The Role of Quality in e-Learning: From “Page-Turners” to Motivating and Engaging Online Courses Stephen Downes, National ...
Theme <ul><li>Online learning fails when we use new technology to do old things – page turning, for example, works wonderf...
Theme (2) <ul><li>The key to success in both e-learning and e-government hinges on the idea of  participation </li></ul><u...
Government, E-Learning and Quality <ul><li>My thesis: that governments can play a </li></ul><ul><li>major role toward incr...
Three Trends <ul><li>This is an idea that brings together three separate trends: </li></ul><ul><ul><li>The use of web serv...
Beyond the Portal (Web Services) <ul><li>General idea: to provide access to data and functionality to remote applications ...
Issues <ul><li>Data integrity – trust in the authority of government information is paramount </li></ul><ul><li>Copyright ...
Learning Object Repository Network <ul><li>Learning Objects: digital resources used to support learning online </li></ul><...
Architecture
(It Works the Other Way Too) <ul><li>Since learning objects from  other  sources are available as web services… </li></ul>...
Knowledge Driven Learning Communities <ul><li>This idea brings together two separate trends: </li></ul><ul><ul><li>The use...
Example: The Budget Simulator <ul><li>An online resource that allows you to create your own version of the Federal budget ...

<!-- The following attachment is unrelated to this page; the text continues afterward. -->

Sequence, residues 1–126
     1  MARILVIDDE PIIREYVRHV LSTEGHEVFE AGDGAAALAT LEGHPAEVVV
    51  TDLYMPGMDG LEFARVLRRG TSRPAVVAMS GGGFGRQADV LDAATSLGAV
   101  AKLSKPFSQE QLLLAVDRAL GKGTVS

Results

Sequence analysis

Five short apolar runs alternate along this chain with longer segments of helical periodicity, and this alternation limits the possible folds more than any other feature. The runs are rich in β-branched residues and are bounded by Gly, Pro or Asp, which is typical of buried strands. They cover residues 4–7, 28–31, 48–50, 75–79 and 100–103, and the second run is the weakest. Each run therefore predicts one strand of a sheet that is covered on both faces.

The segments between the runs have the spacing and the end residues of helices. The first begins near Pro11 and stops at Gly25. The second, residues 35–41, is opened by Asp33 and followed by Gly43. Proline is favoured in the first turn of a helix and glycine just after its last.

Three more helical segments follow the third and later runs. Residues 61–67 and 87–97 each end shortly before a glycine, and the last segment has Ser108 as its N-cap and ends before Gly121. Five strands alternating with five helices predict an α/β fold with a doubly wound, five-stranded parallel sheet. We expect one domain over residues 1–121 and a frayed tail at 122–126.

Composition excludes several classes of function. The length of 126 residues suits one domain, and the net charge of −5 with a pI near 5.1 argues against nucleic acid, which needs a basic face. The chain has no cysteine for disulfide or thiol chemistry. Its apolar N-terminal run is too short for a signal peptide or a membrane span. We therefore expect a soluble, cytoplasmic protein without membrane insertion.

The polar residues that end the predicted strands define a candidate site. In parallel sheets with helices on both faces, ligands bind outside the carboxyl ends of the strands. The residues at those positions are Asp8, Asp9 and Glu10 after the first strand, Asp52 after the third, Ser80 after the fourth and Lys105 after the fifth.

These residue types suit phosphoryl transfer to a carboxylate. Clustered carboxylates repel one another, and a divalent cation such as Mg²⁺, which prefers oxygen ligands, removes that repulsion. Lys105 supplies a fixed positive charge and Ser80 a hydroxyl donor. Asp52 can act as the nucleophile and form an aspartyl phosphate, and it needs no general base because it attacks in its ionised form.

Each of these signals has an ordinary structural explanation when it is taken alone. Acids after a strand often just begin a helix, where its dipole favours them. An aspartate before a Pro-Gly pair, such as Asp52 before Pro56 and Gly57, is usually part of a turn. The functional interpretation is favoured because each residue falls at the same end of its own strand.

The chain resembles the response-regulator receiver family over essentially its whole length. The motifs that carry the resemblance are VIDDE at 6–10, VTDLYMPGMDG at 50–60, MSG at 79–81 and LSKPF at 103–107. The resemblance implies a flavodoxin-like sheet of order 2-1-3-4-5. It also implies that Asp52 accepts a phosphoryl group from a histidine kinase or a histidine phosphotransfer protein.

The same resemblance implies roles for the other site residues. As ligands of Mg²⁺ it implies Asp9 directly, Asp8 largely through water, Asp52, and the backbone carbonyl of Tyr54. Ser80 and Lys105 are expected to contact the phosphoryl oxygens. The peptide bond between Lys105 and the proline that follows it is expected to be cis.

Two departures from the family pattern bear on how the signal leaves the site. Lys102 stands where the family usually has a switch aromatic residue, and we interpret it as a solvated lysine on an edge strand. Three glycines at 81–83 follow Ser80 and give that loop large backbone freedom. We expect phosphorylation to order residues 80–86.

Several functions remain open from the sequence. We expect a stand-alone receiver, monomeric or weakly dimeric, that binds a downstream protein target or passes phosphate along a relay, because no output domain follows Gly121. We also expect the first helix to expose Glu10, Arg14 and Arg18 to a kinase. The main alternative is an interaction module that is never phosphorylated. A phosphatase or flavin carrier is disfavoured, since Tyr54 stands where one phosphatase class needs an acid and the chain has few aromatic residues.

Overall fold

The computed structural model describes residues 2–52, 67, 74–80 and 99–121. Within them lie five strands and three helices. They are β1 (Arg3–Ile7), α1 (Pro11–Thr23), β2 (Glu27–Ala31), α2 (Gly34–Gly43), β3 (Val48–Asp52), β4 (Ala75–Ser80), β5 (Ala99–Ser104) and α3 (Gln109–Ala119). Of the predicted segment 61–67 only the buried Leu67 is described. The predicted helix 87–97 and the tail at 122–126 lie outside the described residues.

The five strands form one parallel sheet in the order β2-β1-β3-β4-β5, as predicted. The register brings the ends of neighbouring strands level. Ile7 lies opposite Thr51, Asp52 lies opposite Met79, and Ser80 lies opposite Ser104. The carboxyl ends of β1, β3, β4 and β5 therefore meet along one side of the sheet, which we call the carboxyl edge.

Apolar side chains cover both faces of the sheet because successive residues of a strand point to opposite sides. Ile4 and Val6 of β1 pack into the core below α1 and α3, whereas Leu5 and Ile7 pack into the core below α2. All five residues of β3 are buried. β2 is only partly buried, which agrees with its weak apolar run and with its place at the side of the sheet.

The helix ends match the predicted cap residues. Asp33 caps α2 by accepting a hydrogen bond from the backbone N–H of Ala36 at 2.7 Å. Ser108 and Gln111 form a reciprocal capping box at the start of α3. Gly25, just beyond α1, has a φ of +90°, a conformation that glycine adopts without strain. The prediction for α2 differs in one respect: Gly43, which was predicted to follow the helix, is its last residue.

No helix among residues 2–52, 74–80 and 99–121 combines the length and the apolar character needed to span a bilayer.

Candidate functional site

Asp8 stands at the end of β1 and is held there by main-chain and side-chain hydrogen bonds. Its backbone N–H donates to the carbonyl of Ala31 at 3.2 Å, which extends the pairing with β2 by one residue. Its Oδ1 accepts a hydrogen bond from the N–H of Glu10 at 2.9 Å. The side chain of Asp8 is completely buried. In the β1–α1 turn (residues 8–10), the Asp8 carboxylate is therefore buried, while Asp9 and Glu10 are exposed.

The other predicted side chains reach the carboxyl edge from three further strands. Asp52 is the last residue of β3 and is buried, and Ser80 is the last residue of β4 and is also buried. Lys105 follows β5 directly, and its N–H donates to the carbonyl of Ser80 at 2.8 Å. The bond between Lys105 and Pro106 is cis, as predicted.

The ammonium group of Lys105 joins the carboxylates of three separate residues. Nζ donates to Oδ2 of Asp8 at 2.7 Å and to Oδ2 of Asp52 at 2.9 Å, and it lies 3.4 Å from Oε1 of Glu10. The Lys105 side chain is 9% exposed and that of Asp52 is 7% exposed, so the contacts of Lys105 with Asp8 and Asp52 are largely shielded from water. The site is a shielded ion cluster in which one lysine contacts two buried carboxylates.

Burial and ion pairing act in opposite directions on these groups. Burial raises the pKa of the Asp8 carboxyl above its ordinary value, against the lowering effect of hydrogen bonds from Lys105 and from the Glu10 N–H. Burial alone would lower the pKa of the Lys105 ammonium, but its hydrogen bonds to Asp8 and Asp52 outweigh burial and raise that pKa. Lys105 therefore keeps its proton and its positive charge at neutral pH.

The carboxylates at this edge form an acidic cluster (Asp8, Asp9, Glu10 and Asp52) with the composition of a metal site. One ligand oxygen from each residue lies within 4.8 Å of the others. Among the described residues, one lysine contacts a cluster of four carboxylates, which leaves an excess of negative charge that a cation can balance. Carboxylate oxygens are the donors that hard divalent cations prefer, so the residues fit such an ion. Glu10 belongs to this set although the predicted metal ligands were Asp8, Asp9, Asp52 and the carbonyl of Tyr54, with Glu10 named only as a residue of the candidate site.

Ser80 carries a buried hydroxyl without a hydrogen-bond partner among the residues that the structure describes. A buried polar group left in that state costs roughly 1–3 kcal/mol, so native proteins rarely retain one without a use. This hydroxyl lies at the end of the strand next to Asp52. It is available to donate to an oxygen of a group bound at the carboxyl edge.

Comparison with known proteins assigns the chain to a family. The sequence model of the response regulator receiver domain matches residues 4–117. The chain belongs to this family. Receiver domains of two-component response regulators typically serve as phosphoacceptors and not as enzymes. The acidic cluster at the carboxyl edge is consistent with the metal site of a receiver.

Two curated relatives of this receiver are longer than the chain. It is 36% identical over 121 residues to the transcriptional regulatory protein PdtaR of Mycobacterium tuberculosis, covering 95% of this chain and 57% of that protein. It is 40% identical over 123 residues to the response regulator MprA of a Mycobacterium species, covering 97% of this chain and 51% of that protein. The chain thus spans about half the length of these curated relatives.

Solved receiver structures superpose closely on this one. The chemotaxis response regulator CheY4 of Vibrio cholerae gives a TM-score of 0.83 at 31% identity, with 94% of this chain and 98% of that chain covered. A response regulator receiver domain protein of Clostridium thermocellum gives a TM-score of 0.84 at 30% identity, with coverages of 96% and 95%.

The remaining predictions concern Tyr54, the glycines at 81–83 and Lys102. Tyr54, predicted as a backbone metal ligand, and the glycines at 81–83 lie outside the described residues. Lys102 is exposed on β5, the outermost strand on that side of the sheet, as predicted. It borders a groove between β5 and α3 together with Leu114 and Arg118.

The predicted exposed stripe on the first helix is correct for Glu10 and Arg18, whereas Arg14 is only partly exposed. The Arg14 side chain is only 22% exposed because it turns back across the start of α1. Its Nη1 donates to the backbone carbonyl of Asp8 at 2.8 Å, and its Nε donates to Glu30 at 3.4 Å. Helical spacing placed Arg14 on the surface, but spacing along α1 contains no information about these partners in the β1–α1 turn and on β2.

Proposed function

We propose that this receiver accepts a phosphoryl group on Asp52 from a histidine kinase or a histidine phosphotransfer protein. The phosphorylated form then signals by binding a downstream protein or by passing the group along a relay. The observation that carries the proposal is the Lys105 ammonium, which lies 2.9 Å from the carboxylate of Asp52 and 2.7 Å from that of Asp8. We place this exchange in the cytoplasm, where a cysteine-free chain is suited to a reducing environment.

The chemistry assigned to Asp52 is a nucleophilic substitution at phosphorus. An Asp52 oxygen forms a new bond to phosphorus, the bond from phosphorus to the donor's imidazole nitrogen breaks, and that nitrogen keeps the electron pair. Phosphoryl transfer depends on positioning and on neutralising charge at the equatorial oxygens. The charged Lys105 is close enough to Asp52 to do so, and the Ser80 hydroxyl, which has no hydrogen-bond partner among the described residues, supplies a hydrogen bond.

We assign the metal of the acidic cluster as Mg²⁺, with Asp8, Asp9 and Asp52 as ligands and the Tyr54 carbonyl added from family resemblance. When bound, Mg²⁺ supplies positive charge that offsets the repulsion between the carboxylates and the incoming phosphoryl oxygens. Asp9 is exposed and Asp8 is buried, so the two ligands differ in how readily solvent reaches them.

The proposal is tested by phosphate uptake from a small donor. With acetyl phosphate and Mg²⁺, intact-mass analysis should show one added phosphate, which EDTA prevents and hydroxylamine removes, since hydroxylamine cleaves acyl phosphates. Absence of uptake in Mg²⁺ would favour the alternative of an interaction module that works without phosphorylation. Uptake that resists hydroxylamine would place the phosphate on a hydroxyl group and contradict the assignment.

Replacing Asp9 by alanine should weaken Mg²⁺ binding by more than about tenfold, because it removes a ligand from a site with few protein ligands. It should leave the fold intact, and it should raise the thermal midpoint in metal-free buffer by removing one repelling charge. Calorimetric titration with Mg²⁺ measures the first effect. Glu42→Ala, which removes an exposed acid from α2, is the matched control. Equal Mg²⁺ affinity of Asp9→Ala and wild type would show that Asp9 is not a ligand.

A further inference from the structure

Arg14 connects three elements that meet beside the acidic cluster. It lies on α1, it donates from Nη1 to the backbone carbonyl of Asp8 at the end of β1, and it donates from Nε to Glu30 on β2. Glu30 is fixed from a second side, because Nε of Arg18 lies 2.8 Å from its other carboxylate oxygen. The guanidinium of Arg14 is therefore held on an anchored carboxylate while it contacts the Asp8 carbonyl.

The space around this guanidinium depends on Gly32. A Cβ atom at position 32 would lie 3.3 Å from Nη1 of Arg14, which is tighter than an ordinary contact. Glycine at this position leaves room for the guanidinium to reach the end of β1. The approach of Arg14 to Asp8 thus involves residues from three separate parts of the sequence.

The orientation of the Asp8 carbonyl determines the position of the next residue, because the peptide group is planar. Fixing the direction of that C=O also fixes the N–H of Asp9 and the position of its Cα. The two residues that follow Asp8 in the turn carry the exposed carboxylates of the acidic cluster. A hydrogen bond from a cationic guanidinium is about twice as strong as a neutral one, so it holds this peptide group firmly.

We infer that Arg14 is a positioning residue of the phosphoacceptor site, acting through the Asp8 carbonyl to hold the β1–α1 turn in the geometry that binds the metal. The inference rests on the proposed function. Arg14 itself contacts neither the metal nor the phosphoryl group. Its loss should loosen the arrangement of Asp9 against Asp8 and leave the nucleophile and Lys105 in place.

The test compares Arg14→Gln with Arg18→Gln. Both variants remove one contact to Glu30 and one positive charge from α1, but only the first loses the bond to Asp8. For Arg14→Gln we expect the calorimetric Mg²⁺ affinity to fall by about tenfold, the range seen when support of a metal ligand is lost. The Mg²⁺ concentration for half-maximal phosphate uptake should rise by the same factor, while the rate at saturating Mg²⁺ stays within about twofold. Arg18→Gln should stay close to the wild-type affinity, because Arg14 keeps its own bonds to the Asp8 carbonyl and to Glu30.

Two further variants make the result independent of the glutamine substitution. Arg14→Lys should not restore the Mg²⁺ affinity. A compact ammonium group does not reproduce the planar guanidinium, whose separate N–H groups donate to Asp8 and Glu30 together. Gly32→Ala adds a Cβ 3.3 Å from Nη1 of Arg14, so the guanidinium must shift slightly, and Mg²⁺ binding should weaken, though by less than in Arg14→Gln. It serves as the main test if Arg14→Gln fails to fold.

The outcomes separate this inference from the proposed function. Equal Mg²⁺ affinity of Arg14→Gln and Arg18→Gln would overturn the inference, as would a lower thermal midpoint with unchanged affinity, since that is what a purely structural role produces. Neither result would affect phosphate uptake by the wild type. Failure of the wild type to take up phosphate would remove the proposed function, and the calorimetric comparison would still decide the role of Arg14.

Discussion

From Simulation to Reality <ul><li>There is no reason, over time, why we could not convert the Budget Simulator from an in...
Resources <ul><li>A Web Services Primer -  http://www.xml.com/pub/a/2001/04/04/webservices/ </li></ul><ul><li>The Learning...
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The Role of Quality in e-Learning: From �Page-Turners� to Motivating and Engaging Online Courses

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Stephen Downes presentation to
TExpo, Fredericton, New Brunswick, October 28, 2002

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The Role of Quality in e-Learning: From �Page-Turners� to Motivating and Engaging Online Courses

  1. 1. The Role of Quality in e-Learning: From “Page-Turners” to Motivating and Engaging Online Courses Stephen Downes, National Research Council TExpo, October 28, 2002
  2. 2. Theme <ul><li>Online learning fails when we use new technology to do old things – page turning, for example, works wonderfully in books, miserably online </li></ul><ul><li>In a similar manner, we will find that e-government fails when we use new technology to do old things – online voting and online town halls, for example, are good ideas that may turn out very badly </li></ul>
  3. 3. Theme (2) <ul><li>The key to success in both e-learning and e-government hinges on the idea of participation </li></ul><ul><li>This involves changing learners from passive consumers of learning to active producers of learning </li></ul><ul><li>And in e-government, this involves changing citizens from passive consumers of governance to active producers of governance </li></ul>
  4. 4. Government, E-Learning and Quality <ul><li>My thesis: that governments can play a </li></ul><ul><li>major role toward increasing the quality </li></ul><ul><li>of online courses through the provision </li></ul><ul><li>of syndicated content services </li></ul>SECTION TITLE
  5. 5. Three Trends <ul><li>This is an idea that brings together three separate trends: </li></ul><ul><ul><li>The use of web services to distribute information </li></ul></ul><ul><ul><li>The creation of learning object repository networks </li></ul></ul><ul><ul><li>The shift from ‘page-turning’ content-based courses to knowledge driven learning communities </li></ul></ul>